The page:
This post is Day 8 of 30 Ways In 30 Days To Redesign Your Life With Photography. This series seeks to provide you with practical steps to get you from wherever you are today, to exactly where you want to be – this year! If your goal has always been to take your photography to a whole new level, hang on and start enjoying a new lifestyle you’ve always dreamed of.
It’s a big step to go from “job” to “entrepreneur”.
When you have a job, everything is built into the structure of the work environment. They pay you on a regular basis; they take out money for your taxes, insurance, retirement; and you can count on having weekends, holidays, sick time and vacation days. Not so with a photography business.
If you rely 100 percent on your photography for your income, you are in charge of everything. Creating enough sales to provide your salary. You have to take out the taxes and forward them to the appropriate agency, find the best insurance policy, workman’s comp issues if you have employees, and set up your own retirement account. Sick time? If you have a wedding scheduled, you’ll be there no matter what you feel like. Vacation time? Chances are you’ll be checking email and communicating with clients no matter where you are.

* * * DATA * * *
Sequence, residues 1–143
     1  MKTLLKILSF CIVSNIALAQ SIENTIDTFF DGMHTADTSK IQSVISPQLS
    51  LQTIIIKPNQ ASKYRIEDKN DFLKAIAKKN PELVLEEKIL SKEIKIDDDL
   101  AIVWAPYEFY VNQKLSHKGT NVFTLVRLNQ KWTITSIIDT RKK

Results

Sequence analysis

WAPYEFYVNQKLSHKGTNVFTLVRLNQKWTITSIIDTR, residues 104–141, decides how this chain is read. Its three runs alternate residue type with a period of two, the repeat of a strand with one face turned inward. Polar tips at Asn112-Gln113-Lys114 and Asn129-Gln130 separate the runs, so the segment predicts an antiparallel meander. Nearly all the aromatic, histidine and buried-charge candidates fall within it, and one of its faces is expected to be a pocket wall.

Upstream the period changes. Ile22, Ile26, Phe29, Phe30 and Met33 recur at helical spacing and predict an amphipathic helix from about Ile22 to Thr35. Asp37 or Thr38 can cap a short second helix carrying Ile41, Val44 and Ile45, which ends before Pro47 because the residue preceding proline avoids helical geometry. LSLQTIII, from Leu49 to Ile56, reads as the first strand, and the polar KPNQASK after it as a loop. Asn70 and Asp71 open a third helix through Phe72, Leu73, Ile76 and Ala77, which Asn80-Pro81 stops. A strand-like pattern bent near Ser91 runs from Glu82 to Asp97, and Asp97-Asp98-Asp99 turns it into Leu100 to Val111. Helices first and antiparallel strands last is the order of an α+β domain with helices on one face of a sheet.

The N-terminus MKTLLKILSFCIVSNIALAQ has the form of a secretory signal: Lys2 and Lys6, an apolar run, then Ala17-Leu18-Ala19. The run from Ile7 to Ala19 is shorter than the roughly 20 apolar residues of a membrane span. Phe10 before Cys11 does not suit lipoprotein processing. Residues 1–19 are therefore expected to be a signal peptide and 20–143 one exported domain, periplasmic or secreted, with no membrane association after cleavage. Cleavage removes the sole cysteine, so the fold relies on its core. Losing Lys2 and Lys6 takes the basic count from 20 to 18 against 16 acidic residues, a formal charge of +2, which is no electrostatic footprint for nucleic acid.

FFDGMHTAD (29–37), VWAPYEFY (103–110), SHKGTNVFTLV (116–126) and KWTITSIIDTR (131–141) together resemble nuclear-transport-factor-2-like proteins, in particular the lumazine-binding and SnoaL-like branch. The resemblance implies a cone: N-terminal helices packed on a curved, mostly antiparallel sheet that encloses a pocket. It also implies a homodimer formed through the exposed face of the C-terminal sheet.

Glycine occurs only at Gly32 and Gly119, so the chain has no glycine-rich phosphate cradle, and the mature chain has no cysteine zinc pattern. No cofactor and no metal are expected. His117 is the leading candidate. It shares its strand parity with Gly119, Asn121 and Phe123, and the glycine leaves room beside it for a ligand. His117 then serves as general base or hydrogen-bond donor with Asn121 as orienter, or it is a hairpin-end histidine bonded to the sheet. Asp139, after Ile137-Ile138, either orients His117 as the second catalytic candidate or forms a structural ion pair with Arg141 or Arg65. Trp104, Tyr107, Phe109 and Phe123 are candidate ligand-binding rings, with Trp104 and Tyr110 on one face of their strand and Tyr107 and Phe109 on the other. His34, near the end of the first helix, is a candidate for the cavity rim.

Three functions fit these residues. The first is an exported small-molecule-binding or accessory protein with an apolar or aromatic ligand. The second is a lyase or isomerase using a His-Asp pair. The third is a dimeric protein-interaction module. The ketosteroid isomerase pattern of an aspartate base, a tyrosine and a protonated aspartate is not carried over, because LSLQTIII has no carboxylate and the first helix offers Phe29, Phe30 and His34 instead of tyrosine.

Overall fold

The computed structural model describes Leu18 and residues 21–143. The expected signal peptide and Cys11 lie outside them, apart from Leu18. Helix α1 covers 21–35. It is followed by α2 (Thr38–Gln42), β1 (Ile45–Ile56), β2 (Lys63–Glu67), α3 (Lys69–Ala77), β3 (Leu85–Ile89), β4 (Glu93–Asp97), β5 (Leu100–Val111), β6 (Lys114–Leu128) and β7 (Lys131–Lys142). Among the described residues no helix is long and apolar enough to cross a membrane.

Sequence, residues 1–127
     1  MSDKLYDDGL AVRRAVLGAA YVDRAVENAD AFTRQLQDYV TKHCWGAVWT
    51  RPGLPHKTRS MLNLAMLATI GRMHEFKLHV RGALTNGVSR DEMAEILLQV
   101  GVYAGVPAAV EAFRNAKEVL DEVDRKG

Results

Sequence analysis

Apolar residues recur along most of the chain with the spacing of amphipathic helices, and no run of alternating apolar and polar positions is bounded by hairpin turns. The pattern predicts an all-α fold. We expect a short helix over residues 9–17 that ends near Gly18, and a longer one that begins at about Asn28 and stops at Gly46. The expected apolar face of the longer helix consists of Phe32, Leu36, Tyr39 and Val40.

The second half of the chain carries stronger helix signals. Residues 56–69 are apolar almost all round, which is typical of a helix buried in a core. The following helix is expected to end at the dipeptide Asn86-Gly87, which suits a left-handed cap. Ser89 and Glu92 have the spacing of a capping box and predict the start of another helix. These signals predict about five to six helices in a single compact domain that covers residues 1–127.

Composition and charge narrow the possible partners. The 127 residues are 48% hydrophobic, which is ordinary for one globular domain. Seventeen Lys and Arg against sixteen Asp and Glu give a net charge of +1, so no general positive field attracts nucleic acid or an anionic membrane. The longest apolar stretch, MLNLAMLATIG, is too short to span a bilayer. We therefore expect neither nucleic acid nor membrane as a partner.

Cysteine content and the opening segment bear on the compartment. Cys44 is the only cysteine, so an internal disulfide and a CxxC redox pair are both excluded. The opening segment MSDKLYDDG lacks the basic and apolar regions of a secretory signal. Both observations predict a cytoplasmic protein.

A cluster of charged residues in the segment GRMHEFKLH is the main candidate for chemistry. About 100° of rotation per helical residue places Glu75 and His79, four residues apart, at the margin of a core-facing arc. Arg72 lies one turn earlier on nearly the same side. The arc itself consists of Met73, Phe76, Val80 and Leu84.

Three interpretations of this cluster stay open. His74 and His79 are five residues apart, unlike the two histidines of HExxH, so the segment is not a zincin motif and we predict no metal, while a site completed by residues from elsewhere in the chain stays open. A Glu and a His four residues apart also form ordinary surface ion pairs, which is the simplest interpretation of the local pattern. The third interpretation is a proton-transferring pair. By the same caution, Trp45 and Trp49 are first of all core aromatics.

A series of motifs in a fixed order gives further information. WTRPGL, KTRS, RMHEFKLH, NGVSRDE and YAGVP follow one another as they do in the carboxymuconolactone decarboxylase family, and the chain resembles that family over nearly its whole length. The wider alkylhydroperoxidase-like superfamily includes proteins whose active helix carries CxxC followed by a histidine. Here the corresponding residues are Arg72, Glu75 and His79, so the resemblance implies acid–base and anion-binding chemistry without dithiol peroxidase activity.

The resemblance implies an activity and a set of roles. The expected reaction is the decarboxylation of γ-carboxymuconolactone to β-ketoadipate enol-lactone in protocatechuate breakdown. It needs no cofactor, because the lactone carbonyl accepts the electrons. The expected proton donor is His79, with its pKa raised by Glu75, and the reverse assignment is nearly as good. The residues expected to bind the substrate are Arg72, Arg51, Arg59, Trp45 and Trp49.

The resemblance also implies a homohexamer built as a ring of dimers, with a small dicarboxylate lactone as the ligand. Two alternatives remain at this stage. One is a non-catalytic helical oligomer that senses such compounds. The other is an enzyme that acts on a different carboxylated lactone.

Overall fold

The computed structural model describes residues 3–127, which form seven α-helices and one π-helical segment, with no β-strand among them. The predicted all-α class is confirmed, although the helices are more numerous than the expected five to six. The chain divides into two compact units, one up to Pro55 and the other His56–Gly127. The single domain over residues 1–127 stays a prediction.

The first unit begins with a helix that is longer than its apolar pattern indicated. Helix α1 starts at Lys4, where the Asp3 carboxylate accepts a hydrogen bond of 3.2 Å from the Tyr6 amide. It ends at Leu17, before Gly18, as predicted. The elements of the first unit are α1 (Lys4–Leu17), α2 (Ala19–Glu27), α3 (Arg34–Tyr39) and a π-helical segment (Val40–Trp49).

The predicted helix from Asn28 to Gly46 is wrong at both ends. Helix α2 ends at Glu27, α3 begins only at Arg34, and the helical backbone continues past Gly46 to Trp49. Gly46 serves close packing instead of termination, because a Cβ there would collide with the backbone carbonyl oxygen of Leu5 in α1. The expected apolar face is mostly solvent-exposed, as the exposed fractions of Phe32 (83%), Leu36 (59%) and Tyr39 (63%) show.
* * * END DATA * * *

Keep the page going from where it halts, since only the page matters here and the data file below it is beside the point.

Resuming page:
Are you reconsidering?
Okay, that was the bad news. The good news is there’s nothing else like owning your own business. When I have a friend call up and want to do lunch, I can drop everything and head out for three hours without thinking twice. I can go on my daughter’s field trips, take my mother to her doctor’s appointments, and even schedule a massage in the middle of the day. Oh yes, and I can meet with clients and do my client work on my time – whether its at 6 in the morning, or 10 at night. I fit it all in, and can’t imagine life any other way.
But when it is your full time income, there are things you have to think about. If you set it up the right way, it will work no matter what. And you’ll be covered and won’t have to think about how it’s working – it just works.
Select A Business Structure
While there is no right way to structure a business, there are advantages to setting up a business in certain ways. Choosing the best structure for you depends on a variety of things: your specific needs, what type of business you have, how large you choose to grow, and what location you are in. I can’t and don’t offer legal or accounting advice here – I simply talk from my own experience of starting and operating three separate businesses over the years.